Optimizing Art Files For Garment Production
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Optimizing Art Files For Garment Production

Regardless of the type of garment decorating you do, it is always important to set up and optimize your files properly prior to production, to make sure to get the best possible end product.

By Dane Clement, President, Great Dane Graphics

While there are some things that should be done specific to the different processes, there are other initial steps that should be taken for any type of process.

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  • To begin, you should always start with the proper image size and resolution. When creating a raster image - an image created using pixels (photographic style) - this is particularly true. If you start with a smaller-sized or lower-resolution image than you intend to print, enlarging it can cause blurring and pixilation. For that reason you should always start with the image at the size that you plan on printing. If you plan to use the image in various processes, make sure to create it at the size of the largest application you will be using.

    When it comes to resolution, generally, the higher the resolution, the cleaner and sharper the image will be. However, keep in mind that the higher the resolution, the larger the file size will be, which can make your computer run slower. For screen printing, the general rule is to use a resolution of two times the line screen you will be printing. So if you are using a 45-line screen, you would want a minimum resolution of 90 dpi. This being said, a minimum resolution of 150 dpi is suggested, but 300 dpi for any printing process is ideal. At this resolution, your image will be as sharp as necessary without going overboard, or leaving you with an unmanageable file size (Image 1).

    Always set up your initial file with a transparent layer. You don't want your artwork to be flattened on a background color. If it's painted on a background or flattened upon completion, when you go to separate your file for screen printing, or create a print for direct-to-garment or dye sublimation, the background color will end up printing on your garment as well, or show up in your separations. Having a transparent background eliminates the possibility of the extra, unwanted color showing up in your print (Image 2).

    Once your image is complete, there are some steps you should take to optimize your image, to make the colors as clean and pure as possible to get the best print possible. We use these steps all the time before we separate an image for screen printing, or set up an image for any other printing process. Following these steps will help make the process smoother and easier:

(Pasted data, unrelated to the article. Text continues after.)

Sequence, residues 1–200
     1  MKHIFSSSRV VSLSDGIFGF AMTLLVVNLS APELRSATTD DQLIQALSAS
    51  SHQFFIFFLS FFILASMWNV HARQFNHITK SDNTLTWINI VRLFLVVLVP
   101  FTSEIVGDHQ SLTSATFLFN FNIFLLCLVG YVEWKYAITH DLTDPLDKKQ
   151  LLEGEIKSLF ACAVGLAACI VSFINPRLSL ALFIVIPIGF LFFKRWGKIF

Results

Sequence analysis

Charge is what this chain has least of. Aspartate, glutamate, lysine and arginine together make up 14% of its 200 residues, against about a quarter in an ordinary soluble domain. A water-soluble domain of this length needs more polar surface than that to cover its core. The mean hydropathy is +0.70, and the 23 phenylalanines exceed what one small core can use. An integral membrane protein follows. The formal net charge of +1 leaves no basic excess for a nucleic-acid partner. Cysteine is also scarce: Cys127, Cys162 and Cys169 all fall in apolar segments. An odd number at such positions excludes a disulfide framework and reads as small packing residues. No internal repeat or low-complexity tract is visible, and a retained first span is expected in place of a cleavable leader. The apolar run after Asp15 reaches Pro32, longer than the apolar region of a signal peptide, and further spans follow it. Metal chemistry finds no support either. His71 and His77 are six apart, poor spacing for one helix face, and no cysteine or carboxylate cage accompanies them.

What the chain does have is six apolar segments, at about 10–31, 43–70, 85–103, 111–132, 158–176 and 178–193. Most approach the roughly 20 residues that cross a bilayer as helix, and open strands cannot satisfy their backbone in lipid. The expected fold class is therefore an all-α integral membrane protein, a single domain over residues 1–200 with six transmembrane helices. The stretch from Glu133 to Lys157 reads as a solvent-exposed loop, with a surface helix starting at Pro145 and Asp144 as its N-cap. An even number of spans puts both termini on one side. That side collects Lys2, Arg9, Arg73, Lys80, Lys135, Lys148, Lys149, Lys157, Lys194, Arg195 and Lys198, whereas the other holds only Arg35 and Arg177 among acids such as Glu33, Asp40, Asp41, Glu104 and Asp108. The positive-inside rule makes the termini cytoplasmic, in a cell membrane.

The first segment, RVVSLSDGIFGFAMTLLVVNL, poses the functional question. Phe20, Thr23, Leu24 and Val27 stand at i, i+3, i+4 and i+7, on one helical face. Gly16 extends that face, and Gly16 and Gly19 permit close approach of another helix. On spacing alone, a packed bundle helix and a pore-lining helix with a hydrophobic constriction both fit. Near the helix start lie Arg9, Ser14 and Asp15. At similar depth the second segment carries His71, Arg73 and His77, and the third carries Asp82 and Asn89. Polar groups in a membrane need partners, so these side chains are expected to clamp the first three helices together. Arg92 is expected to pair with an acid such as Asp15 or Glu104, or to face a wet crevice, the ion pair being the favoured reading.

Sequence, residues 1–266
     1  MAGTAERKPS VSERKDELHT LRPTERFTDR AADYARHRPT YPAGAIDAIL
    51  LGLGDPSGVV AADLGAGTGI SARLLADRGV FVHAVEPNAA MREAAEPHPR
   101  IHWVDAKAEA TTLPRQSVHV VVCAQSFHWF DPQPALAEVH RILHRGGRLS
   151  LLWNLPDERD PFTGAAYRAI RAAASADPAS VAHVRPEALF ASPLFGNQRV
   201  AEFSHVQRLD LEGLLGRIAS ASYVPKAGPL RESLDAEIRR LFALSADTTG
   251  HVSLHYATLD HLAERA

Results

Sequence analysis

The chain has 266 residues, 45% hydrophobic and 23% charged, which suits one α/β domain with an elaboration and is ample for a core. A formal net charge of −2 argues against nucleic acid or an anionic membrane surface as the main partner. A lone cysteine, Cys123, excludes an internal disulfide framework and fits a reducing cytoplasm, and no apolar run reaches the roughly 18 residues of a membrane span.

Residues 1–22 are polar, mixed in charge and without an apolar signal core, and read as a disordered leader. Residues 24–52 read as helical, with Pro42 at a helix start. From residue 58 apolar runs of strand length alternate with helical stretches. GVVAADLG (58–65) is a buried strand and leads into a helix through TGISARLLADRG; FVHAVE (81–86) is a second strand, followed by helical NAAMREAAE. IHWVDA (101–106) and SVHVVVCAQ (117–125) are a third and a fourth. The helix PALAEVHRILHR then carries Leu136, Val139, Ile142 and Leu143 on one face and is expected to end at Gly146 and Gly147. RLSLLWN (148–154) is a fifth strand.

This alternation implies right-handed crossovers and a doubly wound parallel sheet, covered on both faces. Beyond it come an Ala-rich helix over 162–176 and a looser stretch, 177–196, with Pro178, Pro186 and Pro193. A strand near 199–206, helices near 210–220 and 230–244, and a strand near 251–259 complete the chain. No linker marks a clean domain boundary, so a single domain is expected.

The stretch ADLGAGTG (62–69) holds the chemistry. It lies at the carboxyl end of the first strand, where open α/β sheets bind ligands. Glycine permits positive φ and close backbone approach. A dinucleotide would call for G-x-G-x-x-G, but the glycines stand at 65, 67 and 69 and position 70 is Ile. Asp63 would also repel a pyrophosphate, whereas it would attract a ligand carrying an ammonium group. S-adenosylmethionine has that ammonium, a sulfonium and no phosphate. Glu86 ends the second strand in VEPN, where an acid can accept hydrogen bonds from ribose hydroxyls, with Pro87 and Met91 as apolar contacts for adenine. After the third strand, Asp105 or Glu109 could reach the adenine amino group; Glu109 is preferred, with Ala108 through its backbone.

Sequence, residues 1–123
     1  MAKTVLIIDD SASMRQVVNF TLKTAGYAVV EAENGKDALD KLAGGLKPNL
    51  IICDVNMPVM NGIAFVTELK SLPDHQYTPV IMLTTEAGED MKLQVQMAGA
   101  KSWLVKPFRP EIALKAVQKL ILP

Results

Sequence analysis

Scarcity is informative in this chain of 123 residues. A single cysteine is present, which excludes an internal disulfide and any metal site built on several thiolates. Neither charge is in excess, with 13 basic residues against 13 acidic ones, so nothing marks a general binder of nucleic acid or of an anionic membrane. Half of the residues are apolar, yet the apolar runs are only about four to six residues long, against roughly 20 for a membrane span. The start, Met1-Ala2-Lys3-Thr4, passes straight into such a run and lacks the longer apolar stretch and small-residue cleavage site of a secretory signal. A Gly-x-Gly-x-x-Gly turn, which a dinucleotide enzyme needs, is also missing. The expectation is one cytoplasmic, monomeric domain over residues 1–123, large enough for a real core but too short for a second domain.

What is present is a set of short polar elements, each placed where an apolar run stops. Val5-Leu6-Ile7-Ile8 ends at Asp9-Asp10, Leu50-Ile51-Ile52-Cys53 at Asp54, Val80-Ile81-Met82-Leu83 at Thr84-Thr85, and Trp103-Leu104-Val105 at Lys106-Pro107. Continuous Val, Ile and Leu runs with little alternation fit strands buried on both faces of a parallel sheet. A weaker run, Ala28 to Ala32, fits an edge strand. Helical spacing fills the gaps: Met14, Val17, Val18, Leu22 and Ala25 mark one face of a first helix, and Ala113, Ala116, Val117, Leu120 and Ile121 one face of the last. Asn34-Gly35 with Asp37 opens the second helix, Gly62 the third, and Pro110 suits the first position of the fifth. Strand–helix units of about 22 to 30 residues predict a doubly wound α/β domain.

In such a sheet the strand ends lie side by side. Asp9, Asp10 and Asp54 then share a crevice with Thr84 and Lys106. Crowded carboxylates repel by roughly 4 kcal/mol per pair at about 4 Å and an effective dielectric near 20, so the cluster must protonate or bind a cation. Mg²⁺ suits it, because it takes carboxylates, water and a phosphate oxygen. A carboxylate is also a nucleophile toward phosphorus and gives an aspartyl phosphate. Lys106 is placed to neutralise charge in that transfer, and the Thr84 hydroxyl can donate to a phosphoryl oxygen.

1. Start with an RGB file. In Photoshop, go to Image>Adjustments>Selective Color. Change the "Colors" pop-down menu to "Neutrals" and change all the values to between three and eight (Image 3).

    2. Go to Image>Adjustments>?Hue/Saturation, and move the Saturation slider to the right. It can typically be moved anywhere within the zero to 45 range. Move it to the right as much as needed to saturate your colors without letting them become oversaturated and flat (Image 4).

    3. Go to Image> Adjustments>?Brightness/Contrast, and move the Contrast to five. If you have a newer version of Photoshop, you will see a "Use Legacy" check box; be sure to check it on (Image 5).

    4. Next, go to Image>?Adjustments>Levels. Holding down your Option Key (Alt Key on PC), move the black slider (on the left side of the Input Levels) to the right until you see black pixels on your screen. Then move the white slider (on the right side) to the left until you see white pixels on your screen. Here you are setting your black and white points in your image, and helping to reduce any "muddiness" in the colors of your layout (Image 6).

    5. Go to Image>Mode>Lab Color. Open your Channels palette, and click on the Lightness channel to select it (Image 7).

    6. With the Lightness channel selected, go to Filter>Sharpen>Unsharp Mask. Move the amount slider to the right. We can really crank up the sharpness, because we are only working with the luminosity of our image, not the color (Image 8).

    These steps, alongside the information presented can all be used when creating raster artwork for any type of process. There are, however, more things to consider, things specific to the different processes, meant to help you get the best product possible.

    Spot Colors & Separations
    When it comes to screen printing vector images, it's important to make sure that your colors are set up as spot colors. Vector images are created using paths and points to create various shapes that can be resized without affecting the quality of the image. Many times, people will have a one- or two-color vector image, and they will see the colors listed, but they aren't set up properly. This often occurs as a result of confusing spot colors with process colors; and instead of printing the two separations for the colors they want to print, they end up with four - cyan, magenta, yellow and black. By making sure the colors are set to spot, you will end up where you want to be - with one separation for each color to be printed.

    When you are printing separations, make sure your page is set up with the proper items, to help make set up on the press easier. We suggest creating your own registration marks. All programs have an option to use default registration marks, but these marks were created for offset printing, and are too small and hard to hold on screen. We suggest creating a larger mark with thicker lines that will be easier to see on the screen, making registration on press easier.

    Make sure, when you create your own marks, to colorize them with the registration color provided in your program. When you print, this color will then print on all of your separations.

    We also suggest the use of a greyscale bar, which you can create with individual squares. Each square will be filled with increasing values of the registration color, from five to 10 percent through 100 percent, in 10 percent increments. Having this bar on your films - when you go to print - will allow you to notice and correct any issues early in the printing process (Image 9).